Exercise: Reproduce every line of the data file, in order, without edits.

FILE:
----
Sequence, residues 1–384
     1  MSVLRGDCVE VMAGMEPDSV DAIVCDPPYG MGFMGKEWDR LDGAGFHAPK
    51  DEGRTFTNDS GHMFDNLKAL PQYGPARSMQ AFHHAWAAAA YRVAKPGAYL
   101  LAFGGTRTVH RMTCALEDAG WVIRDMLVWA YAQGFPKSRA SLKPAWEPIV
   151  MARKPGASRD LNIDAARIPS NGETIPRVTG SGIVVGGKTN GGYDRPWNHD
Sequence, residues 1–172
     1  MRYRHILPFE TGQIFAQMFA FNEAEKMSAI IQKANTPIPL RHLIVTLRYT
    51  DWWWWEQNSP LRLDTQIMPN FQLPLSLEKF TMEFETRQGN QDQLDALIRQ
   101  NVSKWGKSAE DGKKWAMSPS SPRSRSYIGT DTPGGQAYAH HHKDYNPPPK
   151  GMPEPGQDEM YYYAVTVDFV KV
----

Sequence, residues 1–384
     1  MSVLRGDCVE VMAGMEPDSV DAIVCDPPYG MGFMGKEWDR LDGAGFHAPK
    51  DEGRTFTNDS GHMFDNLKAL PQYGPARSMQ AFHHAWAAAA YRVAKPGAYL
   101  LAFGGTRTVH RMTCALEDAG WVIRDMLVWA YAQGFPKSRA SLKPAWEPIV
   151  MARKPGASRD LNIDAARIPS NGETIPRVTG SGIVVGGKTN GGYDRPWNHD
Sequence, residues 1–172
     1  MRYRHILPFE TGQIFAQMFA FNEAEKMSAI IQKANTPIPL RHLIVTLRYT
    51  DWWWWEQNSP LRLDTQIMPN FQLPLSLEKF TMEFETRQGN QDQLDALIRQ
   101  NVSKWGKSAE DGKKWAMSPS SPRSRSYIGT DTPGGQAYAH HHKDYNPPPK
   151  GMPEPGQDEM YYYAVTVDFV KV